Nov 202018
 
 November 20, 2018  Posted by at 10:42 am Finance Tagged with: , , , , , , , , , ,  


Henri Rousseau The waterfall 1910

 

China’s Next Crisis: Companies Guaranteeing Each Other’s Debt (ZH)
Another Volatility Spike May Be Ahead (Colombo)
FANGMAN Stocks Plunge 4.4%, Down $905 Billion, or 20%, since Aug. 31 (WS)
Nissan-Renault-Mitsubishi Chief Ghosn Arrested Over Financial Misconduct (AFP)
Dozens In Saudi Royal Family Turn Against Crown Prince (R.)
Germany Bans 18 Saudis Linked To Khashoggi Murder From Schengen Zone (AP)
France Says To Decide Soon On Sanctions Over Khashoggi Killing (R.)
Saudis, Houthis Agree To Yemen Peace Talks (ZH)
A Revote Is Necessary After Brenda Snipes Resigns (Vos)
White House Restores Acosta’s Press Pass, Issues News Conference Rules (MW)
Britain’s Enemy Is Not Russia But Its Own Ruling Class (Wight)
Surge In Marine Refuges Brings World Close To Protected Areas Goal (G.)
Fishing Nations Fail In Bid To Cut Quotas For Depleted Bigeye Tuna (AFP)

 

 

Simple and direct swindle. I’ll guarantee your debt if you guarantee mine, it doesn’t matter if we’re both broke. Beijing has known about this for years, but like with the shadow banks, decided to let it flourish because that meets its goals. Both are examples of how China can ‘grow’ its debt, without this showing up in its books. Don’t let the PBOC do it, people can see that.

China’s Next Crisis: Companies Guaranteeing Each Other’s Debt (ZH)

[..] the province of Shandong has emerged as the potential epicenter for the next debt crisis: here, at least 20 private firms provide guarantees that account for at least 10% of their total net assets – a ratio surpassing all other regions, according to Lv Pin, an analyst from CITIC Securities. “Private firms in Shandong have been exposed to more risks as they are caught up in the cross-guarantee trap, with bonds being dumped on the secondary market,” said Chen Su, bond portfolio manager at Qingdao Rural Commercial Bank Co. And, as noted above, local companies started suffering more financing difficulties as banks cut lending to this region earlier this year, Su said.

What makes this particular problem especially vexing is that, like a loose thread, once one company with cross-guarantees finds itself unable to fund its debt obligations, a cross-guarantee cascade is sprung, and dozens of other firms may end up unable to either satisfy their “guaranteed” commitments to the original debtor, until – ultimately – they are unable repay their own creditors. Bloomberg notes that cross-guarantee troubles have been cropping up for a while: “When a disclosure last year showed that Shandong Yuhuang Chemical Co. had guaranteed 1.35 billion yuan of obligations tied to Hongye Chemical Group, yields on Yuhuang’s 2020 dollar note shot up more than 2.30 percentage points in a week.”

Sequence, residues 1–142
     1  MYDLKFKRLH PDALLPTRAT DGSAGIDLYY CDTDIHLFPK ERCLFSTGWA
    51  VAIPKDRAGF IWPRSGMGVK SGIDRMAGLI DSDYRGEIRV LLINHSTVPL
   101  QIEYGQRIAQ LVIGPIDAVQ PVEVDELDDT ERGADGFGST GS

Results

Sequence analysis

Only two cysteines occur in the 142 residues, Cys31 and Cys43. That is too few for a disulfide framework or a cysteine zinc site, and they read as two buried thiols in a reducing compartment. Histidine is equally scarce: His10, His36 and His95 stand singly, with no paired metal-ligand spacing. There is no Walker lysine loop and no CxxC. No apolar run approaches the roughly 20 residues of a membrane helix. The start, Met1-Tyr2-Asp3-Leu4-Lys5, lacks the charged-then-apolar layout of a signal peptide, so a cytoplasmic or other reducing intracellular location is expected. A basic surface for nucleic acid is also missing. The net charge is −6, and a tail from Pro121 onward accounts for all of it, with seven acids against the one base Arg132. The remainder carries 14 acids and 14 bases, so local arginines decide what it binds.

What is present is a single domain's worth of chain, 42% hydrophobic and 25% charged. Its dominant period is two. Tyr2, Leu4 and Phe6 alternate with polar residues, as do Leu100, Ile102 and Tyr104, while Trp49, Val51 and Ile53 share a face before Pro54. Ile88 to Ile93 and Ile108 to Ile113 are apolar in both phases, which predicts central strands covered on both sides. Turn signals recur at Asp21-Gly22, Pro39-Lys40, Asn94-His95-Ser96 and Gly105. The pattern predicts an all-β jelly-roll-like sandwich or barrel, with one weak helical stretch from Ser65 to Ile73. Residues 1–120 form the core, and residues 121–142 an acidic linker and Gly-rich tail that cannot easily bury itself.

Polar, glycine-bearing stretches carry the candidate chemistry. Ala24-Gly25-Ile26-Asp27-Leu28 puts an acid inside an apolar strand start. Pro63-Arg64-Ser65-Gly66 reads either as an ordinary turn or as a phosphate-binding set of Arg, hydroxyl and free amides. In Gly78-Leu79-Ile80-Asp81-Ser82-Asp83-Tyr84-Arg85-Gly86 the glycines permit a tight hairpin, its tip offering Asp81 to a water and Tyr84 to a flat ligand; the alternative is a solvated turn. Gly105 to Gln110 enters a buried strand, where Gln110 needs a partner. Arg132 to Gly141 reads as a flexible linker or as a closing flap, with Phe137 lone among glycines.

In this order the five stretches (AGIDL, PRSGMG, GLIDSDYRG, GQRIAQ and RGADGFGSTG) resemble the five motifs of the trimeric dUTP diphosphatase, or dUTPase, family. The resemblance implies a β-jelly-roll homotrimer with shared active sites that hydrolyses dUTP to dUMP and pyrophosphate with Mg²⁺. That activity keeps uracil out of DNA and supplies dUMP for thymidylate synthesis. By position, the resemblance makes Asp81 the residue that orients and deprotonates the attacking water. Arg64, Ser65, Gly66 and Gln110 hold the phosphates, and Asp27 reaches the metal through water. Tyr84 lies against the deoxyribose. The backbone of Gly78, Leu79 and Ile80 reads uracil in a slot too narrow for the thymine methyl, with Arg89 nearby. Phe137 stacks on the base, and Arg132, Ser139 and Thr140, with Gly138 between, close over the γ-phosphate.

For now, there hasn’t been a default serious enough to drag down numerous firms at the same time, although that may soon change. However, to make sure it doesn’t, China is engaging in what it does best to avoid a credit crisis: government funded bailouts. Sure enough, the province of Shandong is making efforts to avert any credit collapse. Its state assets regulator said a government-backed 10 billion yuan fund will be set up to address liquidity risks at listed companies, the China Securities Journal reported on Friday. More broadly, as we reported two weeks ago, China’s central bank has launched initiatives to aid credit to small and medium enterprises, and support bond issuance.

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The spike is guaranteed, it’s only the timing that’s not.

Another Volatility Spike May Be Ahead (Colombo)

The chart below shows the VIX Volatility Index, which appears to be forming a triangle pattern that may indicate that another big move is ahead. If the VIX breaks out of this pattern in a convincing manner, it would likely lead to even higher volatility and fear (which would correspond with another leg down in the stock market). On the other hand, if the VIX breaks down from this pattern, it could be the sign of a more extended market bounce or Santa Claus rally ahead.

In my early-October volatility warning, one of the charts I showed was the inverted 10-year/2-year Treasury spread and how it leads the VIX by approximately three years. According to this logic, the January and October volatility spikes were only the beginning of a much larger bullish volatility cycle (ie., one that accompanies a full-blown bear market).

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Easy money, easy losses.

FANGMAN Stocks Plunge 4.4%, Down $905 Billion, or 20%, since Aug. 31 (WS)

Folks who went through the wholesale Nasdaq destruction of 2000-2002 will just smile mildly because that’s when the Nasdaq, as the dotcom bubble imploded, lost 78%. Given our Everything Bubble is even bigger and crazier, the Nasdaq’s current sell-off barely registers on my own Richter scale, so to speak. The Dow fell 1.6%, is down just 7.2% from its peak, and for the year is clinging to a 1.2% gain. And the S&P 500 dropped 1.7% today and is down 8.5% from the peak. It too remains, if by the thinnest margin, in the green for the year. Nevertheless, real sums have started to evaporate. And much of it happened with the biggest stocks in so-called tech.